There was other paraphernalia too. You had to have stylish shoes, a brightly colored towel for your hands and the obligatory custom lettered bowling ball bag. My Dad's bag was tan with "Bud Nichols" painted on both sides, along with a picture of a bowling pin.
When the gameroom bar was first built, we had very little furniture. There were 4 barstools, a card table and 4 chairs on one side of the room and a pool table on the other. The vertical metal poles had been boxed in and benches were built around them for seating.
I was sitting on the far bench and Nick was lining up a shot on the table when the door at the top of the stairs slammed open and my father's bowling bag came flying down the stairs. It hit the cellar floor, tile over concrete, bounced twice and hit the far wall with a bang. We then heard my father open the kitchen door entering we heard my mother ask," what was that, Bud?"
Dad answered," It was my God damn bowling ball. I hope the son of a bitch broke!"
My mother told him that we were down there. He yelled down, "You guys alright?" We told him we were fine.
" Yeah, well screw you two - don't piss me off tonight!" A father's concern for his child's well being = priceless.
This all happened in a split second. We cracked up laughing.
Friday, June 8, 2007
Thursday, June 7, 2007
Wednesday, June 6, 2007
Tuesday, June 5, 2007
This is Cripple Creek, Colorado on August 3, 2004. That's not snow it's ice! All day as we drove upwards through the Rocky Mountains we saw dark storm clouds in the distance. I thought it was thunder clouds.
About ten miles from our camp site, it started to spit ice and as we pulled in to register it came down even harder. As we were filling out the paperwork my wife mentioned the weather and asked if it was normal. The lady told her that every afternoon this time of year it rained, snowed or iced each day. Her husband told us that summer fell only on July 4th.After hooking up the water, electric and sewer I went in and touched off the furnace.
I miss traveling in our motorhome. Each day is different and you never know what you'll find along the way. We bought a book titled "The Next Exit" which did just that. It told us about gas,eating, shopping camp sites and local attractions. You just go to whatever state you are in and look up the route number and exit. This book and billboards helped us find neat places like
1886 Town, the Great Divide Sky Ride, Lou Tauber's Western Clothing in Casper, Wyoming (bought my cowboy boots here) and Flaming Gorge. On the way to see Holister, California, we made a wrong turn and found one of the original Spanish Missions. It was beautiful.
We've bought rattle snake skin wallets, and key chains with rattle snake heads, a hunting knife with snake skin pummel and sheath, handmade Native American jewelry, sand paintings and in Felton, California just north of Santa Cruz I bought a hand carved redwood bear. The list of useless things goes on but they're wonderful memories of road trips.
Some where in Iowa we stopped at an Indian casino that was surrounded by 1000's of aces of corn. It looked bizarre. It was also mandatory to stop in Wendover, Nevada ( I call it bend over) and Reno and Las Vegas. But my all time special Nevada stop was Winnemucca. One place outside of Nevada that I love to gamble is Deadwood, South Dakota. Kevin Costner owns a casino and hotel named The Midnight Star that's really nice. It's sports bar had excellent food but it was slow. We learned how to play 3 card poker here since they do not have craps in South Dakota.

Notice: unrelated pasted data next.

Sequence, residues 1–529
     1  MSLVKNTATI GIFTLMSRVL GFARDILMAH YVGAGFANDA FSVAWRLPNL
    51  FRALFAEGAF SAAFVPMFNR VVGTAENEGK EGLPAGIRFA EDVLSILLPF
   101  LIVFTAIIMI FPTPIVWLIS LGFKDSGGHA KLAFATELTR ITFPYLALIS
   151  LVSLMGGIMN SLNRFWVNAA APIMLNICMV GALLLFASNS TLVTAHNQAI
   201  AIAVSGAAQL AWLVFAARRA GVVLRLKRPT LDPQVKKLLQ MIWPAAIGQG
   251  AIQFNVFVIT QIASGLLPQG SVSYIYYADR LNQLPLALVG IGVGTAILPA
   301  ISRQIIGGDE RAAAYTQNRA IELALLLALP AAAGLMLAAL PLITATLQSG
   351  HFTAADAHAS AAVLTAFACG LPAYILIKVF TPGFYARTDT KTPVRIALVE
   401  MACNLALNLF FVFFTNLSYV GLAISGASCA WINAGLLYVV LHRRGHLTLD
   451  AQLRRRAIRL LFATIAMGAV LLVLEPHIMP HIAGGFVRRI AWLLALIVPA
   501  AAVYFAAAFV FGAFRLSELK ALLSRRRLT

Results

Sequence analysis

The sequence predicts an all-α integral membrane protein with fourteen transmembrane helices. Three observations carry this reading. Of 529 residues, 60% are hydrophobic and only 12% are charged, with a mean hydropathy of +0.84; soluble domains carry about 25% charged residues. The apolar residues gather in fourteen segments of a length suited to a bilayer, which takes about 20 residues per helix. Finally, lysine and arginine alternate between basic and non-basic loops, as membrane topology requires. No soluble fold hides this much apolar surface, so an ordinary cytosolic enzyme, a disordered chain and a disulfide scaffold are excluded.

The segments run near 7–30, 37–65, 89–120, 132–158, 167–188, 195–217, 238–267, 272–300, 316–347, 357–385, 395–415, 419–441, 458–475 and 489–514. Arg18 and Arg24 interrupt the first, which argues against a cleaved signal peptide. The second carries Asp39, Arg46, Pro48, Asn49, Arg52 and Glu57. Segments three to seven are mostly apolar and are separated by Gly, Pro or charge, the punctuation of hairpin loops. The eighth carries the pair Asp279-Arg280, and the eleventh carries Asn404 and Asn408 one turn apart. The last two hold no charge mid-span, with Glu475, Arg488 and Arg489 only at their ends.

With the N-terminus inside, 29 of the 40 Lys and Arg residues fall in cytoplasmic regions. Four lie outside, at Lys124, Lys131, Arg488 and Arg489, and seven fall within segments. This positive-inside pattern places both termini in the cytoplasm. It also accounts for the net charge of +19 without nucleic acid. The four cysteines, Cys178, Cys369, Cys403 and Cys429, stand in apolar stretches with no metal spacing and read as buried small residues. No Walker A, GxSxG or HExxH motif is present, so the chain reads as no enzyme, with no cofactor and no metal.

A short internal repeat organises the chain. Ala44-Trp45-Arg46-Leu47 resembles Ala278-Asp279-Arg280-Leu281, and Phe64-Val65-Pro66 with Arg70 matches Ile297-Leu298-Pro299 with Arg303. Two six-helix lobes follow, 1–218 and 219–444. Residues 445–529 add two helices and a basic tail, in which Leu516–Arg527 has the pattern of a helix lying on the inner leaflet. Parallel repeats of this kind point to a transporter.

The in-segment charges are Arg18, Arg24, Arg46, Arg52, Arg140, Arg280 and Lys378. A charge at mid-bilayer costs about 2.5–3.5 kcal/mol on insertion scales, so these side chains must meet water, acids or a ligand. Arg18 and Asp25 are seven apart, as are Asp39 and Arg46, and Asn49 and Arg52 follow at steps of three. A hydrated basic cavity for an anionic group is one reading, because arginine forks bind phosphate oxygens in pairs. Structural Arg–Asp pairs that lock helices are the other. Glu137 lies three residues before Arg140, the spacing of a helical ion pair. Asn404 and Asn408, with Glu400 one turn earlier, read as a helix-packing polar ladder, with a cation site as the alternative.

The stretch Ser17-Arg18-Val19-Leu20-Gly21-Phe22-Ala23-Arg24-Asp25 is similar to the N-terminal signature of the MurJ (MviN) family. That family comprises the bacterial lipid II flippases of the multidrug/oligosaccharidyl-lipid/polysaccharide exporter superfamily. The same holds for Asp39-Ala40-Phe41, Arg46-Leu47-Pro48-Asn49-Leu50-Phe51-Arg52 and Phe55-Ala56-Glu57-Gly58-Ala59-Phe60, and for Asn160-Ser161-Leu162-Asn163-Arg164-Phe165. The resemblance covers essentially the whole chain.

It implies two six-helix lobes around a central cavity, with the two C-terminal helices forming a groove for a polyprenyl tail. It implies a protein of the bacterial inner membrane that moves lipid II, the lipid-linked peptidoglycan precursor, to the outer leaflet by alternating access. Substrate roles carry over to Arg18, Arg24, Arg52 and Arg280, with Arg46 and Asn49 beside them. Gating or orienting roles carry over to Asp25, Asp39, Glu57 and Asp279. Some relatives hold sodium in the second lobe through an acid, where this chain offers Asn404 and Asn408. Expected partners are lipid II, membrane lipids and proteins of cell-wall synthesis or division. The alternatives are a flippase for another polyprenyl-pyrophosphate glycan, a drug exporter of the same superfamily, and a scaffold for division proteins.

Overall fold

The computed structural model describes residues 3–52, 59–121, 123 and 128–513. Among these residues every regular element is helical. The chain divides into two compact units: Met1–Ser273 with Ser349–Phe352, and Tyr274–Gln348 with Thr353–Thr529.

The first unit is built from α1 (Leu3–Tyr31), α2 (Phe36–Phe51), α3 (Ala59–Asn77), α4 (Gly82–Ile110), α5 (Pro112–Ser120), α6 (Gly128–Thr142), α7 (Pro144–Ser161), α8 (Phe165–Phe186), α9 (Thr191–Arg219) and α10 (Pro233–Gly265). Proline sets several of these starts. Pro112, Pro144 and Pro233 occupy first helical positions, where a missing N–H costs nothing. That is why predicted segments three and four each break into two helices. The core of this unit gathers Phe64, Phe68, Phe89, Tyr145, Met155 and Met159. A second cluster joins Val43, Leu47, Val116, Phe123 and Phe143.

Cracker Barrel Restaurants were our favorite food stops. We also would look for truck stops and diners with a lot of trucks, especially for breakfast. I tried a lot of different things to eat across the US. I had Elk and Buffalo steak, rattlesnake, fish burritos, the biggest freak'n omelet I've ever seen, the hottest habanajo peppers and my all time favorite was at a barb-b-q at our son's in Santa Cruz where he served home made grilled ham & cheese, jalopeno pepper and chedder cheese filled sausages.
I think the trips were just an under cover freeding frenzy. I sure miss it!
Monday, June 4, 2007
They groom the athlete's sense of entitlement by kissing their asses before they're hired. Then want to make the excuse that they are from a single parent inner city project family - "well you can just BITE ME!" You knew they had a baby's momma and about their sealed juvey record. The freak'n Governor pardoned Allen Iverson so he could play. They get caught with guns, drugs, women, felons, have DUI's and DWI'S, they go into the stands and assault people..........
and the conversation is about IF something should be done.
I was a coach, classroom teacher and school administrator, so I speak from experience. Many inner city single parent athletes are great kids with wonderful homes and phenomenal parental
guidance, so there is a choice for colleges and professional teams. Any educator, in any school, anywhere, can tell you about a student's potential. We know at an early age which families support their children and which don't. Can it change over time - yes - but it usually doesn't. By highschool really good athletes are already honing their sense of entitlement. Teachers do not grade them the same as others, administrators cut them slack and other students build their ego's.
Many colleges nurture their teams by having a family like environment - firm but fair! Why not spend a few million on this pro teams? Ask how Emmet Smith, Jerry Rice, LeBron James, Kareem Abdul Jabar....................... did it. There are alot of sucessful pro role models - use them to help the others.
The message that they get is "as long as I produce I can do whatever I want" and the teams encourage this behavior by not doing anything. Sure they fine them or suspend them and they lose money but what is a few thousand to a guy that makes millions?
My opinion - if Mike Vick is found guilty of staging dog fights and burying the bodies - fire the bastard and put him in a pit handcuffed with 5 or 6 steaks hung around his neck and a couple racks of ribs around his ass and throw some pit bulls in after him. See how he likes it!